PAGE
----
Believe me when I say that Goddess in the Machine is the sleeper YA sci-fi release of 2020! This book has it all: intricate and complete world-building, gripping storytelling, and complex characters you can’t help but adore. This book is exactly what I wished Aurora Rising would be, and more people need to pick it up.
Greetings friends, I am super excited to announce that Lilyn from Sci-fi & Scary is back with another guest review here on Reader Voracious!
I made my reading goal in 2020 to spend the entire year reading nothing but diverse voices. I also wanted to stretch my genre boundaries a bit. I love my sci-fi and horror, but sometimes you gotta read outside your comfortable little boxes. The Gravity of Us had just enough of the science part of my favorite science fiction (astronauts! Mars!) to make me think I’d be comfortable reading it.
I wish that I enjoyed this book more than I did, friends. Reading this book was a wild ride of emotions for me because I was interested in the story but also was disengaged from it. The book felt really long while reading it. By the time I was at 85%, I wanted to DNF the book but forced myself to finish since I was so close to the end. Part of me wanted to know. I wish I hadn’t. This book has no discernible meaning or purpose; it is just chaotic neutral.
“‘What you want, gentlemen and lady, is to play God! Turn social order upside down. Claim what should be yours. Go from duds to studs! And so I give you … the God Game!'”
This book is essentially The Purge x Cancel Culture and it is terrifying in how plausible the plotline is. It’s a smart speculative look at what could happen if the government created a system to rein in the worst parts of social media only to make things arguably worse.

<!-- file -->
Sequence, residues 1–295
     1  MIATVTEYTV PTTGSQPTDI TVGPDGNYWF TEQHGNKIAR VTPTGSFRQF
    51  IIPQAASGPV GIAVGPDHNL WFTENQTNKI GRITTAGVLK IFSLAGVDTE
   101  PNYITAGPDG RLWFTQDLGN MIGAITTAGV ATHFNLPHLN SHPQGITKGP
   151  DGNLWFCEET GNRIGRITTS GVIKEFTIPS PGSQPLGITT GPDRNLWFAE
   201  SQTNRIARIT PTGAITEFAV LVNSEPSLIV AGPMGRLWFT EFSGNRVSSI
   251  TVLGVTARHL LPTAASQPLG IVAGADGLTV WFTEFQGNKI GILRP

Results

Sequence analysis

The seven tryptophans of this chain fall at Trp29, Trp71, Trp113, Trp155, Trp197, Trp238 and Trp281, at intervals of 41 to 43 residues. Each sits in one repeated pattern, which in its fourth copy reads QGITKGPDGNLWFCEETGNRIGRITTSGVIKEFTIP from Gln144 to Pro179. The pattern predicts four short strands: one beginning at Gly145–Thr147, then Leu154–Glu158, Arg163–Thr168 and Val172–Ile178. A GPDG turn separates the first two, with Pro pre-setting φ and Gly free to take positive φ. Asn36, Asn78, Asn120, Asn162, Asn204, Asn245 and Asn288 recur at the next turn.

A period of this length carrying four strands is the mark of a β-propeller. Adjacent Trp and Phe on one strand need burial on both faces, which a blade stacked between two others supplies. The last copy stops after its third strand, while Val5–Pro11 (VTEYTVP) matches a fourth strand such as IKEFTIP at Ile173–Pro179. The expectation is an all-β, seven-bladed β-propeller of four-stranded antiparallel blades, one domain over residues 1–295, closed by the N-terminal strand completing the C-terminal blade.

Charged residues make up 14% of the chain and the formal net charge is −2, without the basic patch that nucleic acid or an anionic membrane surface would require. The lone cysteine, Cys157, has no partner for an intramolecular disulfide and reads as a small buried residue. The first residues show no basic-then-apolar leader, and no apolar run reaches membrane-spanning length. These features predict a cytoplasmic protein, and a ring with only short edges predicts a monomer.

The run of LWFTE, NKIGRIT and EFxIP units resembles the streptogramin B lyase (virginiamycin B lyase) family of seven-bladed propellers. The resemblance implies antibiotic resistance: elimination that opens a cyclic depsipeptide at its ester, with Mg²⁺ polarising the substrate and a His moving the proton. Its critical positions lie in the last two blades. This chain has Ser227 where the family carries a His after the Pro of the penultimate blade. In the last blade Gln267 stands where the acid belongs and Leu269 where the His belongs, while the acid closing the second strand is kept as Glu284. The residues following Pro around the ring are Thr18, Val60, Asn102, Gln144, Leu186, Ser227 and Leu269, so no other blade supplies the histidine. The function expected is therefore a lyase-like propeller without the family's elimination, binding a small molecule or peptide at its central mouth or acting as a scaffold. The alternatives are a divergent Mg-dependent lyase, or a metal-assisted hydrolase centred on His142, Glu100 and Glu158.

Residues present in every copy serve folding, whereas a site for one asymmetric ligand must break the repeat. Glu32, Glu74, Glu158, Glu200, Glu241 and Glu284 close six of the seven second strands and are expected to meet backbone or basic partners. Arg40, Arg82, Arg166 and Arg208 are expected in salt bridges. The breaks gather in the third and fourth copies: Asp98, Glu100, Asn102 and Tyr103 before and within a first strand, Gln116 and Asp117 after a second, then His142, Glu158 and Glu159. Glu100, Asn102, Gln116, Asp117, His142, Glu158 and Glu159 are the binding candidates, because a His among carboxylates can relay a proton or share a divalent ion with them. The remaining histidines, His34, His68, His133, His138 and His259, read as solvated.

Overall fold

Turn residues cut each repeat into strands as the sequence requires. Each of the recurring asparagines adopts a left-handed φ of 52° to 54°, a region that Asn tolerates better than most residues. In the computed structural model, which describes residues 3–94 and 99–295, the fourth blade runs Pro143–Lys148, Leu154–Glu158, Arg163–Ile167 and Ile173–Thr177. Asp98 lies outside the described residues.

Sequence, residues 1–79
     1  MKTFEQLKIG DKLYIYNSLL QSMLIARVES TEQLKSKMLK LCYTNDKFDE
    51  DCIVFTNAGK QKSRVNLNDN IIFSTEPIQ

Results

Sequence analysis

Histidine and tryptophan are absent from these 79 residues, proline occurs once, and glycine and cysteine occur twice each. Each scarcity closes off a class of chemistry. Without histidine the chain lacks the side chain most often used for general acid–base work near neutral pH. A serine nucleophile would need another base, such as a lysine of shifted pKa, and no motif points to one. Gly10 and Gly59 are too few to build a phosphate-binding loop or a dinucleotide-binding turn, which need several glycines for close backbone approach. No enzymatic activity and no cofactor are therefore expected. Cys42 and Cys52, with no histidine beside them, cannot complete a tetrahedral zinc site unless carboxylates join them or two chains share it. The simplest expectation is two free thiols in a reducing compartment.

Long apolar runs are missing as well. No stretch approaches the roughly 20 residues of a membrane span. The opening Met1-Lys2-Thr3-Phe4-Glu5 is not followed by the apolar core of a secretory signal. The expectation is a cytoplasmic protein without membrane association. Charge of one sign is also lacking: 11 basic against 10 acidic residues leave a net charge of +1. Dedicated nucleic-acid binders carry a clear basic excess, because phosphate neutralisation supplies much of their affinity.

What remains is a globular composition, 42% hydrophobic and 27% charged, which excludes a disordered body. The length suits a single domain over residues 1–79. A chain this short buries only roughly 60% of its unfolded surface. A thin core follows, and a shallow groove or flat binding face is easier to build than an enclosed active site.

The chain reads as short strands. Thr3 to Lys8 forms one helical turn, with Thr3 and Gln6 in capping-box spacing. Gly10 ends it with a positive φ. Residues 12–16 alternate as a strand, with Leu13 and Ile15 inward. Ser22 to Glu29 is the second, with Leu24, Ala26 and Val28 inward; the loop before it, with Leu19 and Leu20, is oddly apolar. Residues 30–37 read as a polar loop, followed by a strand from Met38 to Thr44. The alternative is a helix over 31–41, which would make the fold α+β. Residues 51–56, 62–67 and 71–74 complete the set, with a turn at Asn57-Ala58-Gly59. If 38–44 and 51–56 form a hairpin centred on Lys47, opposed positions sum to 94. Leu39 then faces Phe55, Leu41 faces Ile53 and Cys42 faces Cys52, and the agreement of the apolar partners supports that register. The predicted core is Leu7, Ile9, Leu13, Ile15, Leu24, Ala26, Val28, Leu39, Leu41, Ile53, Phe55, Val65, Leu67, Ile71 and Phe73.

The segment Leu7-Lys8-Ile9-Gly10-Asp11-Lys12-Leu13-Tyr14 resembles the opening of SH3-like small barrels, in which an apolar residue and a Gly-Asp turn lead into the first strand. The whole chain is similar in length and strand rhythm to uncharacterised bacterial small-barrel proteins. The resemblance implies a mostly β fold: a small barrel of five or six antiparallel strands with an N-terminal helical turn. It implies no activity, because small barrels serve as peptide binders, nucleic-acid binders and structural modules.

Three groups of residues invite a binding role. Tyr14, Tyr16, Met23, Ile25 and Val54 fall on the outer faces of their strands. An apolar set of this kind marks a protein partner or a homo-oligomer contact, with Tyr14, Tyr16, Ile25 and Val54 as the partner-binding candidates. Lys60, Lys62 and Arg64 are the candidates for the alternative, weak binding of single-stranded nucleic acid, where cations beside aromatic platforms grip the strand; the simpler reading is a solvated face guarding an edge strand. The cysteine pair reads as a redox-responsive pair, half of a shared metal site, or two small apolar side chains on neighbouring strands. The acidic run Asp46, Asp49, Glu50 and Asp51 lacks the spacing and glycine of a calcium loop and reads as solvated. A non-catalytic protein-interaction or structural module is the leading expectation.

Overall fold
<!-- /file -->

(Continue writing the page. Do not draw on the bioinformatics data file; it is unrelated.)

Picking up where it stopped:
“Now, people were fully accountable for their online behavior… and faced real-world consequences. […] Things were better now. People were more careful online, more responsible. How could that be wrong?”
Cassie McKinney is our sixteen-year-old main character, daughter of a famous hacker with her own coding skills up her sleeve. But since her father died six months earlier, she hasn’t really worked with code. She’s angry and she wants to participate in some Hive justice… until she is on the wrong end of the Hive herself and running for her life.
Narrative style: third person | Perspective(s): multiple (six)
Holy crap, I am so mad at myself for letting my copy languish on my bookshelf since February! This wasn’t quite what I was expecting, but I loved it all the same. This is a character-driven and captivating story that kept me thoroughly engaged until the very end. If you’ve ever dreamt of exploring the universe, Do You Dream of Terra-Two? is a must-read!
The book is told from the perspectives of the six teenagers chosen to embark on a critical mission: travel to the habitable planet – known as Terra-Two – to lead the colonization efforts. Because it will take 23 years to even reach their new home, they are leaving everything and everyone they have ever known on Earth for the hope of a better tomorrow.
“We’re leaving behind a world where slavery happened. Two world wars. Genocide A world where people have used atomic bombs. Terra-two will be different. Better. We will make it better.”